7. Charlotte Gainsbourg, “Deadly Valentine”
“Deadly Valentine” is simple in its approach: recited wedding vow text atop an airy electronic arrangement. What Charlotte Gainsbourg and producer SebastiAn create, however, is a fusion of romance, tragedy, light, and darkness…which you can dance to. It’s a track that bridges art and pop like few others this year, the crowning track on a masterpiece of an album.
8. Biblical, The City That Always Sleeps (New Damage)
The best way I can describe the mind-bending, abstract psychedelic progressive stoner metal that comprises Biblical’s triumphant second album is that it is the album Mastodon and Between the Buried and Me were born to make but never will. As consistent as Mastodon and BTBAM have been, Biblical mops the floor with their more famous peers, displaying an uncompromising vision throughout this seriously wild, eclectic, thrilling 37 and a half-minute record. The way it shifts so gracefully between aggressive heavy metal, Yes-style melodies, Pink Floyd-esque dreaminess, King Crimson-inspired intricacy, and the swirly space rock of Hawkwind was enough to stop me dead in the tracks. It’s heavy but so smooth, its eight tracks serving more as separate movements of a two-part suite. From a personal standpoint it pushes practically every single button, as far as heavy music goes: respect of music’s history, command of songwriting, and enough integrity and foresight to take some very obvious influences and make something totally original out of it. The trouble for Biblical is that because The City That Always Sleeps is so brazenly defies categorization it is extremely difficult to find an audience. It’s not “extreme” enough to attract the attention of metal tastemakers, it’s far too proggy, far too “hesher” to even warrant a review by an indie publication, and it’s too eclectic and on too small a label to get any sort of mainstream airplay. No, this is a record that will only find an audience in the kind of music listeners that crave original new music that strays off the grid, through word of mouth, one nerd at a time. So take it from this nerd: give this spectacular album a listen, and tell more people about it.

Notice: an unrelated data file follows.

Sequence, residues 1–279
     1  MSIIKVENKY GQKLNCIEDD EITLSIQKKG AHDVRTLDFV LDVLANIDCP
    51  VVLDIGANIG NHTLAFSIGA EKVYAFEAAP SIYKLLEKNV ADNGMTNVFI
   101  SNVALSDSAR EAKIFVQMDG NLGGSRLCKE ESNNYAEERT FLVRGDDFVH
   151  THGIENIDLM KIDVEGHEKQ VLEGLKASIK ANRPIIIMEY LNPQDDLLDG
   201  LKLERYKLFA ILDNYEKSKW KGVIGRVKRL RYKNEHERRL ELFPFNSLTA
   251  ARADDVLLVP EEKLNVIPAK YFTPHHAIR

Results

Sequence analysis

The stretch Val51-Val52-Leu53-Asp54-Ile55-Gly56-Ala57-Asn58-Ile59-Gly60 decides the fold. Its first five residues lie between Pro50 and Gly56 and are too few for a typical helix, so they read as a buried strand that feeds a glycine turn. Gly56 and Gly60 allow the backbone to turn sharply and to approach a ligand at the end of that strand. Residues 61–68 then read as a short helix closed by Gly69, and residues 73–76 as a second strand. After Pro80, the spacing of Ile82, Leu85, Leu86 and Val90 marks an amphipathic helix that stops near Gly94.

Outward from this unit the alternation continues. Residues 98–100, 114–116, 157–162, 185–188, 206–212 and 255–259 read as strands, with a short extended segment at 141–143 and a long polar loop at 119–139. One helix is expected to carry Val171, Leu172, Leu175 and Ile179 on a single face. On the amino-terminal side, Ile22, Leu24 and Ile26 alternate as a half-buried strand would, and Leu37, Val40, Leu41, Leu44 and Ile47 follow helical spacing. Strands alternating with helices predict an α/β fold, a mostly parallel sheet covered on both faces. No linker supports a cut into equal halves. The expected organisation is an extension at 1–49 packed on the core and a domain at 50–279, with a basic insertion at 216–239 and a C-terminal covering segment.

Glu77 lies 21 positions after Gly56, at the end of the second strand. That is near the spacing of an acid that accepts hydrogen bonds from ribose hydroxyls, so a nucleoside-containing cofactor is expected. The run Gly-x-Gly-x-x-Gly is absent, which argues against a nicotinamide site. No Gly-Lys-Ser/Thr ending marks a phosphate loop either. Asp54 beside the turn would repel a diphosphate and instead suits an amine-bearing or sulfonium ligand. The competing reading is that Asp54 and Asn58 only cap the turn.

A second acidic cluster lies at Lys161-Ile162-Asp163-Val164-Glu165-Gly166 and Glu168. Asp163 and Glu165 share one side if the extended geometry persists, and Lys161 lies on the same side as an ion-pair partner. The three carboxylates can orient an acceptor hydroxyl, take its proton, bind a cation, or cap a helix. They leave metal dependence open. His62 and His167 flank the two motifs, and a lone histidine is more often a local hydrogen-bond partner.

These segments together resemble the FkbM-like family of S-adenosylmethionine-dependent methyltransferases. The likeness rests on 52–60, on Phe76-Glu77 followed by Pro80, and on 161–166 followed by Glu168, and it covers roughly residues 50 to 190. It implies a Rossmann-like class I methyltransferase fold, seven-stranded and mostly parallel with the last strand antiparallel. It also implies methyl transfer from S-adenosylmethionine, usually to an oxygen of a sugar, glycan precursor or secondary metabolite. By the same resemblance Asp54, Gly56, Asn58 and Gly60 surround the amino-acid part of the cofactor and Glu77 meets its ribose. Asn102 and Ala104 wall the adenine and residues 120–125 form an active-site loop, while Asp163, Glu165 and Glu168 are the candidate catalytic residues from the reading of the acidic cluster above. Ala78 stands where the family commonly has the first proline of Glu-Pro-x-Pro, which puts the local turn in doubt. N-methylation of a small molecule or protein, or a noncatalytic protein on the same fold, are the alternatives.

8. Kelly Clarkson, “Meaning of Life”
Kelly Clarkson continues to age more gracefully than any of her American pop peers from the 2000s, thanks to a willingness to show more maturity and not worry so much about following trends. The title track to her eighth album is straight-up soul music, and true to form, she knocks it out of the park. There’s a very slight rasp to her voice that gives the song just the right amount of edginess, and combined with the sheer command of her voice (such power and discipline) it makes this simplest of love songs an instant classic.
9. Goldfrapp, Silver Eye (Mute)
One thing I’ve always enjoyed about Goldfrapp is how they never like to repeat themselves, instead preferring to shift gears, no matter how commercially successful the previous album was. Not only does it speak volumes about the integrity Alison Goldfrapp and Will Gregory have, but it also shows how versatile they are as songwriters and musicians. They always have new ideas. On the heels of 2013’s beautiful and melancholy Tales of Us, Goldfrapp threw another change-up in the form of Silver Eye, only this time with an added twist. The duo has always been auteurs, but this time around they decided to collaborate with two of the better producers today: John Congleton (best known for his work with St. Vincent and Baroness) and talented musician/producer The Haxan Cloak. The end result is an album that returns to the more electronic side of Goldfrapp’s oeuvre, balancing strong, pop friendly hooks and production choices that veer slightly towards the more abstract and avant-garde. Alison’s voice is, as always, at the forefront, but especially on the Haxan Cloak tracks like “Ocean” and “Moon in Your Mouth”, a hint of menace lurks just below the surface, making for some of the most foreboding music Goldfrapp has ever created. Contrasted with more immediately pleasing fare like “Anymore” and “Systemagic”, it all makes for an album that flirts with eclecticism yet retains that consistency that Goldfrapp have always been able to pull off. No matter what direction they take, the music always sounds like Goldfrapp: moody, adventurous, and like nothing else out there.